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chapter 29: Criticism of the Federal System - Viscount James Bryce, The American Commonwealth, vol. 1 
The American Commonwealth, with an Introduction by Gary L. McDowell, 2 vols (Indianapolis: Liberty Fund, 1995).
Part of: The American Commonwealth, 2 vols.
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Criticism of the Federal System
All Americans have long been agreed that the only possible form of government for their country is a federal one. All have perceived that a centralized system would be inexpedient, if not unworkable, over so large an area, and have still more strongly felt that to cut up the continent into absolutely independent states would not only involve risks of war but injure commerce and retard in a thousand ways the material development of every part of the country. But regarding the nature of the federal tie that ought to exist there have been keen and frequent controversies, dormant at present, but which might break out afresh should there arise a new question of social or economic change capable of bringing the powers of Congress into collision with the wishes of any state or group of states. The general suitability to the country of a federal system is therefore accepted, and need not be discussed. I pass to consider the strong and weak points of that which exists.
The faults generally charged on federations as compared with unified governments are the following:
The first four of these are all due to the same cause, viz., the existence within one government, which ought to be able to speak and act in the name and with the united strength of the nation, of distinct centres of force, organized political bodies into which part of the nation’s strength has flowed, and whose resistance to the will of the majority of the whole nation is likely to be more effective than could be the resistance of individuals, because such bodies have each of them a government, a revenue, a militia, a local patriotism to unite them, whereas individual recalcitrants, however numerous, would be unorganized, and less likely to find a legal standing ground for opposition. The gravity of the first two of the four alleged faults has been exaggerated by most writers, who have assumed, on insufficient grounds, that federal governments are necessarily weak. Let us, however, see how far America has experienced such troubles from these features of a federal system.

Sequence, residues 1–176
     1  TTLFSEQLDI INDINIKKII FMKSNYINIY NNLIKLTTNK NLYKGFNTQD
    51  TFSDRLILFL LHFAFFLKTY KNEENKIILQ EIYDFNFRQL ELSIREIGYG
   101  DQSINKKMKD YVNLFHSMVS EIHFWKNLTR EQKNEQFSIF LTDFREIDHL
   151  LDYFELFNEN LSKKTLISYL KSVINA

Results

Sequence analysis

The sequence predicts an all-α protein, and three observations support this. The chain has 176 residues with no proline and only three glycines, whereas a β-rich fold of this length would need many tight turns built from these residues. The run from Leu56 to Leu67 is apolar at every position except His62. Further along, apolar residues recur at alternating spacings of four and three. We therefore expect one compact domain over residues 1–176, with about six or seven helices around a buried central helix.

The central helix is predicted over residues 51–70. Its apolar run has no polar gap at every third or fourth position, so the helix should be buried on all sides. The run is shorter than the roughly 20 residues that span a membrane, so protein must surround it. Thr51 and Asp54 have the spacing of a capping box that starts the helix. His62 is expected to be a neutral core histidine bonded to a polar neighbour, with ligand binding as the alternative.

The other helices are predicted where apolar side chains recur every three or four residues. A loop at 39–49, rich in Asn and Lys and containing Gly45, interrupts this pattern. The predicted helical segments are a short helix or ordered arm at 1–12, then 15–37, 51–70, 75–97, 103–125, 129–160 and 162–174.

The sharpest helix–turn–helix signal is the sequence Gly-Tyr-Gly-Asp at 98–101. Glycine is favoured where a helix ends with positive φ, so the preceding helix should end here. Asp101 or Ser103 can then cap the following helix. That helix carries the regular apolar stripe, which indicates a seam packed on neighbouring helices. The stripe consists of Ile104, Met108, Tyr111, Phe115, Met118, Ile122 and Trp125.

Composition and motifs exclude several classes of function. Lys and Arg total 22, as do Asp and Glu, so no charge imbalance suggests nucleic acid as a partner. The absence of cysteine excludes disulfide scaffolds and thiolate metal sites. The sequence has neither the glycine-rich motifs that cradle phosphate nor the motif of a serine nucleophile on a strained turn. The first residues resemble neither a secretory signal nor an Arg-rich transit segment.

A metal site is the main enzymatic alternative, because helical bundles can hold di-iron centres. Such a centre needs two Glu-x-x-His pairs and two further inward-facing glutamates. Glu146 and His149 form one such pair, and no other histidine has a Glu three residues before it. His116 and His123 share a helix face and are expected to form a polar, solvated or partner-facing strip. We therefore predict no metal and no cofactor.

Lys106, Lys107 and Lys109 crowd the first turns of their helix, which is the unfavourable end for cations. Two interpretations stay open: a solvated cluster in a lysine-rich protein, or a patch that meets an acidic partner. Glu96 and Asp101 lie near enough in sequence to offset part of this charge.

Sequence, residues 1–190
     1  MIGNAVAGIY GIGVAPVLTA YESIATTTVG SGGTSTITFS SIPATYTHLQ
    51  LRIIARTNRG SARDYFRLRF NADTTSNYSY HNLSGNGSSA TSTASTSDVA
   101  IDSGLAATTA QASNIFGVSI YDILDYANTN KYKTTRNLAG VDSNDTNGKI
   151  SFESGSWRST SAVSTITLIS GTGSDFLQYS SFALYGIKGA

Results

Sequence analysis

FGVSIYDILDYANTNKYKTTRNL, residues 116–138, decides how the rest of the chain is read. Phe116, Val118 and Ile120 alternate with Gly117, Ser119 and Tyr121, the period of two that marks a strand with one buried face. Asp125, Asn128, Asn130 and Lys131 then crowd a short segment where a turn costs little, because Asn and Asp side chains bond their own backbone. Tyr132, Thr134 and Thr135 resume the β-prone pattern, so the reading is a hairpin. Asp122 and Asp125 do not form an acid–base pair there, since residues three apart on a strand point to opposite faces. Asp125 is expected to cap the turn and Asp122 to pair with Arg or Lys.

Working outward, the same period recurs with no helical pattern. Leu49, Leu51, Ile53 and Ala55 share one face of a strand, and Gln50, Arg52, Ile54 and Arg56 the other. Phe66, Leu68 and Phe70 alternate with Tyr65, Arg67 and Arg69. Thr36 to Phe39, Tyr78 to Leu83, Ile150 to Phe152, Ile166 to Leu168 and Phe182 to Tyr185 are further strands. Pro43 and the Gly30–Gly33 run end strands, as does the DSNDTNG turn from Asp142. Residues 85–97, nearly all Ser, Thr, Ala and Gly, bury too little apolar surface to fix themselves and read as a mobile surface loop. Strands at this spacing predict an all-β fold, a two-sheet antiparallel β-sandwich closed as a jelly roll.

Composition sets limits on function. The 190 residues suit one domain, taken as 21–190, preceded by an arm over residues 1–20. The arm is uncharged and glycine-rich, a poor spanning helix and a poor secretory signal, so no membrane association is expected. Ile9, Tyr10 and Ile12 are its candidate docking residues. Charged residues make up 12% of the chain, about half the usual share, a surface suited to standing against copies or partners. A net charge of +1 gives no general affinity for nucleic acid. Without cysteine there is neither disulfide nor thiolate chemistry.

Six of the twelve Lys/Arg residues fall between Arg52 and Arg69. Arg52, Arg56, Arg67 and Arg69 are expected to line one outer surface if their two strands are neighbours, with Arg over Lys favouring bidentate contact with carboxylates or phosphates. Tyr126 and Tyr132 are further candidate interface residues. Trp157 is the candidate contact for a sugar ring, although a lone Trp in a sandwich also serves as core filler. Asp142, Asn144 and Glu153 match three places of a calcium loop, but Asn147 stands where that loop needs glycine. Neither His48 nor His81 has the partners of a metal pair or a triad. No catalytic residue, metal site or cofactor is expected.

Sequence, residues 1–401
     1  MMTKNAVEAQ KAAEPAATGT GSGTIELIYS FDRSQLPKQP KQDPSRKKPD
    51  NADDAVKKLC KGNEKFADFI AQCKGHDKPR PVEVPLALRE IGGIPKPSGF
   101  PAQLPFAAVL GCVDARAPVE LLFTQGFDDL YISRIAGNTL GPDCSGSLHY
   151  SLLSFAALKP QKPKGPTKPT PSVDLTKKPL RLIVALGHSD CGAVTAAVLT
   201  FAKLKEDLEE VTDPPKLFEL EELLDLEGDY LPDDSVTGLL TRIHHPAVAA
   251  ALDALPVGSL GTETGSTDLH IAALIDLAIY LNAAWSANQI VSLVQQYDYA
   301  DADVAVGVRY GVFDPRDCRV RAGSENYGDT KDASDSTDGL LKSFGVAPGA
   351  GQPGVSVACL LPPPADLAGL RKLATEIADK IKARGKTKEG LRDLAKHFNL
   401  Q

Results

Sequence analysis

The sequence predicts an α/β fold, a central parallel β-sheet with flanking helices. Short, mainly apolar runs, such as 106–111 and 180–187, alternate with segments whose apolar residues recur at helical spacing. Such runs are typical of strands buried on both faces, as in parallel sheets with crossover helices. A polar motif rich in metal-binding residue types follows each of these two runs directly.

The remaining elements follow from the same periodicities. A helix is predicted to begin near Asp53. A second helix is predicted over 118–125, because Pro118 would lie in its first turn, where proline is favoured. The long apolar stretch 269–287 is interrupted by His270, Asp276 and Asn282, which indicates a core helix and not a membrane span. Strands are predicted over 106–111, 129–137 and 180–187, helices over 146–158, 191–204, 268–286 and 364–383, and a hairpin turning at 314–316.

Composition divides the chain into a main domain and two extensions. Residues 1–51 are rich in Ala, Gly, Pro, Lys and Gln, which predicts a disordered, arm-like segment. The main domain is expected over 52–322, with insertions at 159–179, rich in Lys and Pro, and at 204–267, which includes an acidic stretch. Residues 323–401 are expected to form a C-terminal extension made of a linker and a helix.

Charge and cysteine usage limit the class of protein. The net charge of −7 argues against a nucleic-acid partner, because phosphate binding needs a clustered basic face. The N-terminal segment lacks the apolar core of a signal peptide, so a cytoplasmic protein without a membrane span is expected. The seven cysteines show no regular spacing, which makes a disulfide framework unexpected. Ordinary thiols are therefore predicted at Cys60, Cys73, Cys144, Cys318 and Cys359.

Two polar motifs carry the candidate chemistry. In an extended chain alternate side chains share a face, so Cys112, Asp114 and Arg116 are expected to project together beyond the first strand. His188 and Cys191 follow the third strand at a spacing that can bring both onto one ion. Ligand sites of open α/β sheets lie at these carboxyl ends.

I. In its early years, the Union was not successful in the management of its foreign relations. Few popular governments are, because a successful foreign policy needs in a world such as ours conditions which popular governments seldom enjoy. In the days of Adams, Jefferson, and Madison, the Union put up with a great deal of ill-treatment from France as well as from England. It drifted rather than steered into the war of 1812. The conduct of that war was hampered by the opposition of the New England states. The Mexican war of 1846 was due to the slaveholders; but the combination among the Southern leaders which entrapped the nation into that conflict might have been equally successful in a unified country; the blame need not be laid at the door of federalism. The principle of abstention from Old World complications has been so heartily and consistently adhered to that the capacities of the federal system for the conduct of foreign affairs have been seldom seriously tried, so far as concerned European powers; and the likelihood of any danger from abroad is so slender that it may be practically ignored. But when a question of external policy arises which interests only one part of the Union (such, for instance, as the immigration of Asiatic labourers), the existence of states feeling themselves specially affected may have a strong and probably an unfortunate influence. Only in this way can the American government be deemed likely to suffer in its foreign relations from its federal character.